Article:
In a counterclaim alleging that a bank violated the Equal Credit Opportunity Act, 15 U.S.C. s.s. 1691-1691f (1994), and G. L. c. 93A, by requiring the defendant's signature as guarantor on a credit instrument on which she was not the applicant, the judge erred in ruling that the defendant lacked standing, where the defendant was an "other person" within the meaning of 12 C,F.R. s. 202,7(d)(1) entitled to protection under the statute [576-578]; however, where the defendant was a "joint applicant" within the meaning of 12 C.F.R. s. 202.7(d)(1) insofar as she applied contemporaneously with the applicant for shared credit, the bank properly demanded her signature on the loan documents [578-579].
A claim that a bank violated G. L. c. 93A, by participating in bad faith in negotiations with a consumer to work out a loan liability, was improperly dismissed without appropriate findings and rulings, and the matter was remanded for further proceedings. 
In a civil action involving a disputed loan agreement, the judge's award of attorney's fees to the plaintiff bank was reasonable. 
CIVIL ACTION commenced in the Superior Court Department on April 11, 1994.
The case was heard by Charles M. Grabau, J., on motions for summary judgment, and a motion for assessment of damages was heard by Peter F. Brady, J.
The Supreme Judicial Court on its own initiative transferred the case from the Appeals Court.
John D. Hanify for Nancy L. Bornhofft.
David J. Gallagher for the plaintiff.
FRIED, J. The plaintiff bank brought a collection action against various parties, including the defendant, Nancy L. Bornhofft, to collect on a $440,000 note in default. She counterclaimed, alleging that the bank violated the Equal Credit Opportunity Act (ECOA), 15 U.S.C. s.s. 1691-1691f (1994), and G. L. c. 93A, by requiring her signature on the note. The judge granted summary judgment for the bank, finding that the defendant lacked standing to seek redress under ECOA. We affirm in part and remand in part for further proceedings.
The Superior Court judge found the following facts. In 1983, Henry J. Bornhofft, Third (Henry), bought out two partners to acquire control over the Gloucester Yankee Marine Service, Inc. (GYMS), a full-service yacht yard in Gloucester owned by a trust established in 1982 (trust). Henry thereupon became the one hundred percent beneficiary of the trust. In 1985, the defendant, Henry's mother, gave Henry $50,000 in exchange for a twenty-five percent interest in the trust. At that time, the yacht yard was worth approximately $600,000. The defendant apparently often assisted Henry financially. During the period from 1984 to 1994, for example, she gave over $650,000 to Henry or to other individuals on his behalf.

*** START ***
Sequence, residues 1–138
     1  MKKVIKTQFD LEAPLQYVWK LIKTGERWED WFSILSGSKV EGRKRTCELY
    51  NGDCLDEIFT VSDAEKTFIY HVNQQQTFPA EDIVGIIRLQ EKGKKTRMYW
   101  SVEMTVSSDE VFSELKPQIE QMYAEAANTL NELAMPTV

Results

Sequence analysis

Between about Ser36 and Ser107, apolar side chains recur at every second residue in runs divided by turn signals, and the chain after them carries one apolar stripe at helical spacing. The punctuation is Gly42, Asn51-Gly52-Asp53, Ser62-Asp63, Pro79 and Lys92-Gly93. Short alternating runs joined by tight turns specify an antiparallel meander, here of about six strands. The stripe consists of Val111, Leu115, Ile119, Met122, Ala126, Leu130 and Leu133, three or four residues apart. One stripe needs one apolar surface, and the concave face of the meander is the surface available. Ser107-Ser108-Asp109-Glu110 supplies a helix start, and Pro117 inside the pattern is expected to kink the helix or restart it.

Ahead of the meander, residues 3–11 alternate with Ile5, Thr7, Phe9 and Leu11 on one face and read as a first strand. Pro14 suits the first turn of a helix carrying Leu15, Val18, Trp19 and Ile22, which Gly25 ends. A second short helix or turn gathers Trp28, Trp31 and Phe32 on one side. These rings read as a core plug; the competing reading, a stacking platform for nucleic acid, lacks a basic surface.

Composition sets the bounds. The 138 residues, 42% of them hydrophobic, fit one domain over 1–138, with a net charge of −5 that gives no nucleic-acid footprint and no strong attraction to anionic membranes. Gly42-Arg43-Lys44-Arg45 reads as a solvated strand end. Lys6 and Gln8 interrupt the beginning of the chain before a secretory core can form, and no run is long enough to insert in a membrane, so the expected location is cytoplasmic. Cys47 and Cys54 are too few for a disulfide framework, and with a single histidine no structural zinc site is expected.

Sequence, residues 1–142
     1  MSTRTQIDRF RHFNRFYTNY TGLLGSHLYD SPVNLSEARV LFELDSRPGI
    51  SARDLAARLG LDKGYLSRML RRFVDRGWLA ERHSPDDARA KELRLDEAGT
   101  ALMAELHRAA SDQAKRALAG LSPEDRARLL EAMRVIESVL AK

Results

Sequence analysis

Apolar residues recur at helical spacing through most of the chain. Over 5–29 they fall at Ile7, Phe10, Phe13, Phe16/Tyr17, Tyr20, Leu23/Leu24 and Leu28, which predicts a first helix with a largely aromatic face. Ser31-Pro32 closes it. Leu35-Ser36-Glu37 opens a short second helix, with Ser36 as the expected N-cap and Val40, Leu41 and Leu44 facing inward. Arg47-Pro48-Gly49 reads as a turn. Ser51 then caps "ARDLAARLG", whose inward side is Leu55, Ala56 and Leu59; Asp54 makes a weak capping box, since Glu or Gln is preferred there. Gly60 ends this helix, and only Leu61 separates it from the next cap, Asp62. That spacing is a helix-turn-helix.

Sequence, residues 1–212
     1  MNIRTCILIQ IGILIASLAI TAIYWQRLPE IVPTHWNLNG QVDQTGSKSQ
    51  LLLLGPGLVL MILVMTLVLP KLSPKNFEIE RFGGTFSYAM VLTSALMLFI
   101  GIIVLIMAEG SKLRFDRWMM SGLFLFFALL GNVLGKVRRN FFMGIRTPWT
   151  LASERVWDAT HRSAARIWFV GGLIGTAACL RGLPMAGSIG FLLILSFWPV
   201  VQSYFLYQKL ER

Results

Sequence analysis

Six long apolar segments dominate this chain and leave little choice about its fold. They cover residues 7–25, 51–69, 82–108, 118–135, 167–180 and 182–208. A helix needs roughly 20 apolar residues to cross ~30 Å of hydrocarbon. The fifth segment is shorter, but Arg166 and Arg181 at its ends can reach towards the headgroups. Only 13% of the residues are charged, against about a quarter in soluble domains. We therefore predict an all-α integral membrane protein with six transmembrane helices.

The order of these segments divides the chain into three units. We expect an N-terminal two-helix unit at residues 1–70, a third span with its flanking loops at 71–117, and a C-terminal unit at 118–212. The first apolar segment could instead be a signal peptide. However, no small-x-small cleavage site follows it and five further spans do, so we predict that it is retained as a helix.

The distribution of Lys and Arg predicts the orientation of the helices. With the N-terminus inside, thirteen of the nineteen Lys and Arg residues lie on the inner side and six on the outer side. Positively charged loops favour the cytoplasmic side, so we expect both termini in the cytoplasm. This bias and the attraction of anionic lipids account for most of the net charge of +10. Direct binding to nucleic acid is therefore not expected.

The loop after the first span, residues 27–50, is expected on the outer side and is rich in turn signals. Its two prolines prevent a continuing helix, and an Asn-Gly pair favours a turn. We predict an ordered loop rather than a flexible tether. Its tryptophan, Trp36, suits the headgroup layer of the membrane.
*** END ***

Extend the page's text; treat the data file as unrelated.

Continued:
In July, 1987, GYMS was suffering a severe cash flow shortage, and its primary lender had begun foreclosure proceedings against GYMS and the trust. Henry was also seriously delinquent on a number of personal loans. In 1987, Henry completed a business plan and a loan application for the bank in order to secure additional financing of $400,000 to $500,000. The business plan showed that GYMS had a year-end net income of $31 as of April 30, 1987. On the application, Henry designated the trust as the borrower and under the words "Guarantees: names of persons who will guarantee or endorse loan," Henry listed himself as seventy-five percent beneficiary of the trust and his mother, the defendant, as twenty-five percent beneficiary. Henry signed the application on the trust's behalf. Henry did not inform the defendant of this, nor did the bank request or receive any financial or net worth information about her.
Based on the application, the bank completed a commitment letter setting forth the terms of the loan and providing that the
defendant would be personally liable for the loan obligations as comaker of the loan. Both Henry Bornhofft and the defendant signed the letter. The bank then drafted the loan instruments, and on July 24, 1987, a promissory note in the amount of $440,000 was executed by Henry Bornhofft and the defendant as "Borrower," and endorsed by Henry Bornhofft as trustee of the trust as guarantor.
In November, 1989, the defendant was assigned Henry Bornhofft's seventy-five percent interest in the trust after she paid $285,000 to another creditor, Richard Ravech, to rescue Henry from foreclosure proceedings. At that time, she acknowledged that she was comaker of the $440,000 note with the bank and agreed to make all payments on the loan. In 1989, the defendant also signed several forbearance agreements under which the bank agreed to forbear from collection activities for a one-year period.
On April 11, 1994, the bank filed a complaint against Henry Bornhofft and his mother, individually; J. Eric Bornhofft and Henry Bornhofft as trustees of the trust; and GYMS, to recover on the $440,000 note and on a second $45,000 note to GYMS. See note 2, supra. After Henry Bornhofft sought bankruptcy protection, the bank dismissed its claims against him. On May 18, 1994, the defendant filed a counterclaim alleging that the bank had violated ECOA and G. L. c. 93A. Both parties filed motions for summary judgment, and on September 22, 1995, the judge denied the defendant's motion and entered judgment for the bank. In a revised memorandum of decision filed March 11, 1996, the judge held that the defendant did not have standing under ECOA because neither she nor the trust was a member of a class protected by the statute. We transferred the defendant's appeal to this court on our own motion.